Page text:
Musical Notes



The Second Sunday of Advent is also known as Bible Sunday. This is due to the Collect from 1549 and the Epistle that reflects the interest for acquainting people with the contents and teachings of the Bible during the Reformation period.

Prelude        Veni Emmanuel                Gerald Kemner/Alec Wyton

The Advent hymn text (Hymn #2) “O Come, O Come Emmanuel” is based on the Great O Antiphons that have been part of the Advent liturgy since the 9th century. It was united with the familiar chant by John Mason Neale in 1851 when he translated the latin text into English. The congregational refrain is sung in Latin prior to the Processional Hymn (after verse 3 is sung by a choir member). The setting by Gerald Kemner (1932-2007), composition professor at the University of Missouri/Kansas City, uses the chant with an accompaniment of “slow unfolding strands of harmony punctuated by markedly contrasting rich harmonies.” Alec Wyton (1921-2007), New York’s Cathedral of St. John the Divine organist-director, uses the tune in fragmented form and in imitation.

Introit      Populus Sion.

(Isaiah 30:19a) O People of Sion, (Isaiah 30:27a) behold the Lord is nigh at hand to redeem the nations: (Isaiah 30:29b) and in the gladness of your heart (Isaiah 30:30a) the Lord shall cause his glorious voice to be heard.(Psalm 80:1a) Hear, O thou Shepherd of Israel: thou that leadest Joseph like a sheep.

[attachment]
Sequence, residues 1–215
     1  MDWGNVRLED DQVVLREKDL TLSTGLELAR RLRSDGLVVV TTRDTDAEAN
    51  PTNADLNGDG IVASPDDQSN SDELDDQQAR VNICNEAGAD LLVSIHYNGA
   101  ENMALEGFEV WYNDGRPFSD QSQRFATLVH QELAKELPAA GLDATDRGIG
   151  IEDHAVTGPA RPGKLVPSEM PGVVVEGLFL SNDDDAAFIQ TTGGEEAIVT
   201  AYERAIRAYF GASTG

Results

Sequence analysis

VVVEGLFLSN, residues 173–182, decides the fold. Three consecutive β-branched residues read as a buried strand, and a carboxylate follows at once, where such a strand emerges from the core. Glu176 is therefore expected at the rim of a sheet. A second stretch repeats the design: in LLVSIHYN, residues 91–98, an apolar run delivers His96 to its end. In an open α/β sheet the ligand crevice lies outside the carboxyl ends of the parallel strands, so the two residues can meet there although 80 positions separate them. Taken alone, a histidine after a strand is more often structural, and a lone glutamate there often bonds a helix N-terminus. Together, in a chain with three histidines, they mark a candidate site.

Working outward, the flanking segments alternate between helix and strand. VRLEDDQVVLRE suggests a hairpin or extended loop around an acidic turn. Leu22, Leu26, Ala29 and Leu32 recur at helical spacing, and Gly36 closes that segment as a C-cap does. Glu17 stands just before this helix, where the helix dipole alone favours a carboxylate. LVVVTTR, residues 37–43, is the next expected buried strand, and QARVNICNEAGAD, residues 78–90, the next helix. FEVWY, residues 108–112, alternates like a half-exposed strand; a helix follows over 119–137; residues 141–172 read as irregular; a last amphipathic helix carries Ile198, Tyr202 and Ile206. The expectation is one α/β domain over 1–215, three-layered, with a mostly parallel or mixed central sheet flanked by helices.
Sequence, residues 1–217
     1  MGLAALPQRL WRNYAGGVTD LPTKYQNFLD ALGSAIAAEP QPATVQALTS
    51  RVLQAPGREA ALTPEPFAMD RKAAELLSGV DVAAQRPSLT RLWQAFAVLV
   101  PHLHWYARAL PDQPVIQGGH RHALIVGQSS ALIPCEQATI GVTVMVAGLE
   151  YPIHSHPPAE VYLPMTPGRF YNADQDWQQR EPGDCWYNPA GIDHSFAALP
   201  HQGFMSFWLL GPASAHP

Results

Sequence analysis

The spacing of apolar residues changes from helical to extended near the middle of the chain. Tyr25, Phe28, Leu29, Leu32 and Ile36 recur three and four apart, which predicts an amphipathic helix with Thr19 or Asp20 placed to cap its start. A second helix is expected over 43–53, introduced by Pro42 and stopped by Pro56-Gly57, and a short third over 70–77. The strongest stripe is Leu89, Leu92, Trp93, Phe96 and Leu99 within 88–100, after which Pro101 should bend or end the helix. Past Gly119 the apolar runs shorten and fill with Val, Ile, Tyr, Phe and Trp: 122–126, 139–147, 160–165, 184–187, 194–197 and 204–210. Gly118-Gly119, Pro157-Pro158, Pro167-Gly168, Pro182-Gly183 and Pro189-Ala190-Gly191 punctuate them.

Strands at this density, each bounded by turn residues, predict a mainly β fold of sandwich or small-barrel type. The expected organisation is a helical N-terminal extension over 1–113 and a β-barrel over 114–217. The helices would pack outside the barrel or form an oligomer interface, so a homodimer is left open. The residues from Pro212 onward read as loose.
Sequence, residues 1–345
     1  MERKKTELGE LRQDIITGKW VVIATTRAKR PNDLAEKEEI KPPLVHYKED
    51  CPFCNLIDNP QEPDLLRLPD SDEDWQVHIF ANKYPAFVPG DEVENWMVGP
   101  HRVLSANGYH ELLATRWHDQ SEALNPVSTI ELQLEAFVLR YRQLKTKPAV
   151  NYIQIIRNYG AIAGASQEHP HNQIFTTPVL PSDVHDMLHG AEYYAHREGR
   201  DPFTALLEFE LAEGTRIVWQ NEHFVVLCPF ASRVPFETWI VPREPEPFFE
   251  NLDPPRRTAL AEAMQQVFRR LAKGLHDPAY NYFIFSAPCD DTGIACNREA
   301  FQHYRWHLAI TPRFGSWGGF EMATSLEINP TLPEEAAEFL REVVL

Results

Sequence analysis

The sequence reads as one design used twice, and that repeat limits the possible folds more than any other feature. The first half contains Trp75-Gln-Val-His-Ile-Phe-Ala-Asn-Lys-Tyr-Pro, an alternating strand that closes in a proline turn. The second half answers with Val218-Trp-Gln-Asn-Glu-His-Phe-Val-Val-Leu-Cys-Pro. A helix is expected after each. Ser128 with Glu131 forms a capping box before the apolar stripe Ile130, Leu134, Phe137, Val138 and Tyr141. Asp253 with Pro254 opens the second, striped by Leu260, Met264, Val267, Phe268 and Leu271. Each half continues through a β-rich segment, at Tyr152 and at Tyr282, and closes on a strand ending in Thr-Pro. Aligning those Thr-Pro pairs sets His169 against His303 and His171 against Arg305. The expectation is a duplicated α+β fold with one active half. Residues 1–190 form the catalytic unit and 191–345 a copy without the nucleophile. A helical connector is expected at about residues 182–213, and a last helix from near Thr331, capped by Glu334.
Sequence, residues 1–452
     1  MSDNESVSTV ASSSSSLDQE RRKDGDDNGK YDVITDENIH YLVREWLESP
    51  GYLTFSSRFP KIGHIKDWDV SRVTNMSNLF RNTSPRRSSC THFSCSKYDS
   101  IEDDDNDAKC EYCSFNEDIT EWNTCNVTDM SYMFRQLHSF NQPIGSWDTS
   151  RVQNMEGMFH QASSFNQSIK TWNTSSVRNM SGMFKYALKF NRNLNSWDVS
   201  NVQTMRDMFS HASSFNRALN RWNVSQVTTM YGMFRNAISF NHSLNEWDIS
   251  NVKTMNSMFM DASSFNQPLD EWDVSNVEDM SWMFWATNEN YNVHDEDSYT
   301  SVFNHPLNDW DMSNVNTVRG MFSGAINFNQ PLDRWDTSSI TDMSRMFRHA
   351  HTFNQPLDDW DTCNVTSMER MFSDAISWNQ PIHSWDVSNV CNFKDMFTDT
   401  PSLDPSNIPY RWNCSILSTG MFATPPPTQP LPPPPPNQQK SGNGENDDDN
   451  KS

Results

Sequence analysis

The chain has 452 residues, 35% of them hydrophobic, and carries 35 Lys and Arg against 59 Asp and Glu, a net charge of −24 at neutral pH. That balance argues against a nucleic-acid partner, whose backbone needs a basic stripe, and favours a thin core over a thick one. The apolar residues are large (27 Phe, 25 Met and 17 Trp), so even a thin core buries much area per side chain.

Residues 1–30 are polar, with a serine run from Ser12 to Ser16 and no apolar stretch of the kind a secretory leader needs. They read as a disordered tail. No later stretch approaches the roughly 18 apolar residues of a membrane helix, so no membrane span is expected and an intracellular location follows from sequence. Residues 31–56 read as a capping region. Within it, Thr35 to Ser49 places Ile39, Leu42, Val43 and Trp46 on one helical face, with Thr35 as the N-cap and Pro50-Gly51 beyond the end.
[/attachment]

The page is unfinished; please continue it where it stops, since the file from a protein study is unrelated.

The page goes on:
(Psalm 50:2, 5) Out of Sion hath God appeared: in perfect beauty. Gather my saints together unto me: those that have made a covenant with me with sacrifice. 

Alleluia, alleluia. (Luke 21:26b-27) For the powers of heaven shall be shaken. And then shall they see the Son of man coming in a cloud with power and great glory. Alleluia.


(Psalm 85:6, 7) Wilt not thou turn again, O God, and quicken us, that thy people may rejoice in thee? Shew us thy mercy, O Lord, and grant us thy salvation.

    Anthem      Zion Hears the Watchmen Singing                  J. S. Bach

Johann Sebastian Bach (1685-1750) wrote his cantata (#140) in 1731 during his time as musician at St. Thomas Church in Leipzig, Germany. He used the hymn “Wachet auf” (Wake, Awake) in three of its seven movements. The anthem (movement 4), a setting of verse two of this Advent hymn (#3 in The Hymnal 1940), places the tune phrases intermittently against a rhythmic melodic accompaniment


(Baruch 5:5a) Jerusalem, haste thee, and stand on high:

(Baruch 4:36b) and behold the joy and gladness that cometh unto thee from God thy Saviour.

The Recessional Hymn (#5) text is by the 18th century Anglican priest and a founder of the Methodist movement, Charles Wesley (author of over 6500 hymn texts). Published in 1758, the poem is expresses the human reaction to the 2nd coming of Christ, known as the 2nd Advent. The tune Helmsley was first published in a collection of Wesley hymns in 1765.

Postlude    Creator alme siderum      J. S. Bach

The Advent chant “Creator of the stars of night” (Hymn #6) is the basis for Bach’s short chorale prelude (from the “Little Organ Book”) with the tune in long notes in the soprano.

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